While it seems like human nature to enjoy working and feeling useful, a life of hard toil and a hand to mouth existence just doesn’t make sense while being surrounded by a world of plenty. Considering the relaxed hunter-gatherer history of humans, this modern world that treats humans as worker drones does not seem to be good environment that humanity has created for itself. A telling anecdote is what humans call this system: a “rat race”.
Now let’s assume the aliens, instead leaving, stay to help. Not by magical technological handouts, but rather, a hand up, to help us work our own way out of this mess with sage advice, guidance, and the odd technical assistance. It would be interesting to think about what they would tell us. Proclamations from above about what not to do rarely helps very well. For real change and growth, people and societies need to find a new, better way of doing things and incorporate that into who they are. What we need is managed growth, to grow into something better. We need to change the game and put into play economic and social forces that don’t pit us against one another, but rather, encourage us to be kinder to each other.
In the first phase, there would be planted technological seeds. Gifts to humanity, ideas and machines, which could help people in many industries get their jobs done better and faster, and for more money to be made. Also, seeds of ideas, about how the future should look. Humanity would likely already have developed some of these ideas, and these developments would be encouraged and guided.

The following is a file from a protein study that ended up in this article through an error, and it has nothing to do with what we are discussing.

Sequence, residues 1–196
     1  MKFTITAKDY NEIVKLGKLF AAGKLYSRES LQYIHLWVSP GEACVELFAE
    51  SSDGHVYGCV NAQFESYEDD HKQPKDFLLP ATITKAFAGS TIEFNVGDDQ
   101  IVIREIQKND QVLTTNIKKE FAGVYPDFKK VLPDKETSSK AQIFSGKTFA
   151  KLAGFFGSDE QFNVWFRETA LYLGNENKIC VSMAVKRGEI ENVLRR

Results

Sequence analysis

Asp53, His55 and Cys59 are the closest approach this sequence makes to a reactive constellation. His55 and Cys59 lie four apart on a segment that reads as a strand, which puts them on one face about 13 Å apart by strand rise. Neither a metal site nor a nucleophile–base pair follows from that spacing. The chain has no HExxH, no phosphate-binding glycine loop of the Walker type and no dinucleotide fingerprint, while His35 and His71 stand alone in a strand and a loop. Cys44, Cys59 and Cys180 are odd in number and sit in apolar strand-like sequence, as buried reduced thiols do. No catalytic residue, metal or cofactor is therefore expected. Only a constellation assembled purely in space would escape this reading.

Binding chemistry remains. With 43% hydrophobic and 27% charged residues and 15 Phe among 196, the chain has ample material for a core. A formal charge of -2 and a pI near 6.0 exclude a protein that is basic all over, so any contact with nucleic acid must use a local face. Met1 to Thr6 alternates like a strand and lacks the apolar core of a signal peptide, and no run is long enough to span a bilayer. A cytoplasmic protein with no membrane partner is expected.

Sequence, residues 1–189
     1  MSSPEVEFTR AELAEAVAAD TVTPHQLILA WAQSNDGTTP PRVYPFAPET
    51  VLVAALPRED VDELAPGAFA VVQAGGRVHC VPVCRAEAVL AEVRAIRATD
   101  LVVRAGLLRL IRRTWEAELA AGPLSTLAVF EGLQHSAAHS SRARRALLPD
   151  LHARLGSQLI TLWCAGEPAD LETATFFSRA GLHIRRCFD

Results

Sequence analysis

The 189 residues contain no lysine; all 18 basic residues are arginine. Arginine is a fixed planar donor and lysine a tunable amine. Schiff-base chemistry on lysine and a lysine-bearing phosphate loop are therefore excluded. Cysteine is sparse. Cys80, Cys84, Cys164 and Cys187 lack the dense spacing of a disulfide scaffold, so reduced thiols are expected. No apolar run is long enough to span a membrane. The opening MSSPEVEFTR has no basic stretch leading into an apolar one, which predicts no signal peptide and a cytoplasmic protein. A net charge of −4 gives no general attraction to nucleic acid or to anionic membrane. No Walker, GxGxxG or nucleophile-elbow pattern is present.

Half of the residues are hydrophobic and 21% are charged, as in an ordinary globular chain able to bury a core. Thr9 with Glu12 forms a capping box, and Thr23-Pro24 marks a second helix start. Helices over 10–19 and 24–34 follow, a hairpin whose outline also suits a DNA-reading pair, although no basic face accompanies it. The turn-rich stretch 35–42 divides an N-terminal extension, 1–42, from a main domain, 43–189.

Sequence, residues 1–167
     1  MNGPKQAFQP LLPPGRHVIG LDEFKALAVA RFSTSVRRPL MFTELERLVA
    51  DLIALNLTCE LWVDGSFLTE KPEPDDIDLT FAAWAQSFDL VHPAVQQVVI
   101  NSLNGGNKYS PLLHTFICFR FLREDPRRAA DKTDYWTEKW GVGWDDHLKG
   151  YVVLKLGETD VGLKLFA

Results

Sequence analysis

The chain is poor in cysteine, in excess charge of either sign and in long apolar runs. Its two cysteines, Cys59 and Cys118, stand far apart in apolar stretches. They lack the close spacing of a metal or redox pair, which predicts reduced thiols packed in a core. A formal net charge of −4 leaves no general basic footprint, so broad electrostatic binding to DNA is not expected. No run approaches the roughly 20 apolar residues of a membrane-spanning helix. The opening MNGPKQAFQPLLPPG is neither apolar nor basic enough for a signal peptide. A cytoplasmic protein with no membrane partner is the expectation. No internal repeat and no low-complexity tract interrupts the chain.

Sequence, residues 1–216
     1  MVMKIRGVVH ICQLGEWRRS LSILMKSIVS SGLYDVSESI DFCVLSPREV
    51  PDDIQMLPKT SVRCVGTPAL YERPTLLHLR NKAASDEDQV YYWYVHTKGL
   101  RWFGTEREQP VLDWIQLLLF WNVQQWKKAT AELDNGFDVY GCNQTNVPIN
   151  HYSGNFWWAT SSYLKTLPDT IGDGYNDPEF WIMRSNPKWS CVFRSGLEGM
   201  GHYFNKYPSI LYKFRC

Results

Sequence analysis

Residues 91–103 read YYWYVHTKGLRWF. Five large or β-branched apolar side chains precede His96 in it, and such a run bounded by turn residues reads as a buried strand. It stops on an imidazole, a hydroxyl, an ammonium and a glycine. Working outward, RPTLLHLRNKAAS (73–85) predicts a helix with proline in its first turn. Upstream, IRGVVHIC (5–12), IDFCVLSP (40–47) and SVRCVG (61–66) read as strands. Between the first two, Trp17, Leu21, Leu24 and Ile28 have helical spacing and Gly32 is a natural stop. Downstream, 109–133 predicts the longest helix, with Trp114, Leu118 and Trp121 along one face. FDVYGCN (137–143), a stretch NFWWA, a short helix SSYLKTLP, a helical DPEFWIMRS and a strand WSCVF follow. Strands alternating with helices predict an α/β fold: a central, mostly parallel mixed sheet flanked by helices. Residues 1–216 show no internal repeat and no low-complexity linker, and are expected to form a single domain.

In the second phase, these seeds grow and develop into new businesses and ways of doing things. Eventually, new economies emerge, and old ways of doing things no longer remain practical. This would be a time of radical change, where old ways would be forced out by necessity, lest terrible things happen. For instance, in a world where machines instead of people could provide for us anything we could desire from a grocery store or shopping mall, what place would our current form of capitalism have? On one hand, in our current system of wealth begetting wealth, it would make sense that the rich would own these automatic factories. So despite the production of goods costing virtually nothing, capitalists could still charge exorbitant fees for delivering these goods, keeping the vast majority of the world in a system of virtual slavery. Serfdom could continue indefinitely into the future. On the other hand, I also place faith in people’s natural sense of fairness and indignation. As the system becomes more and more unbalanced, the urge for change will grow to the breaking point. Also, the development of disruptive technologies of production may eventually put the power of production into the hands of common people, incrementally negating the power of wealth over the masses. In the 21st century, information is already virtually free, where the largest barriers to disseminating data are not technological, but rather cultural, economic, and legislative. I don’t think western civilization has barely begun to adapt to this new reality, let alone considered how to adapt to having a machine make us virtually free consumer goods as easily as we now copy data from computer to computer. In many ways, it could bring our whole way of life crashing down around us.